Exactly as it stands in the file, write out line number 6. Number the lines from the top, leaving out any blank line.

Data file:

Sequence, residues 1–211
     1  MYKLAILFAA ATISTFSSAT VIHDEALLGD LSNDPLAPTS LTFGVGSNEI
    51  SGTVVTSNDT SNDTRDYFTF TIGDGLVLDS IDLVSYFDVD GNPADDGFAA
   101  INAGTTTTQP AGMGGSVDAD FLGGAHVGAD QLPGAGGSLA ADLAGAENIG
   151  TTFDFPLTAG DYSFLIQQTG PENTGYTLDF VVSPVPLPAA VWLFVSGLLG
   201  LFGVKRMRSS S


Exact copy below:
   201  LFGVKRMRSS S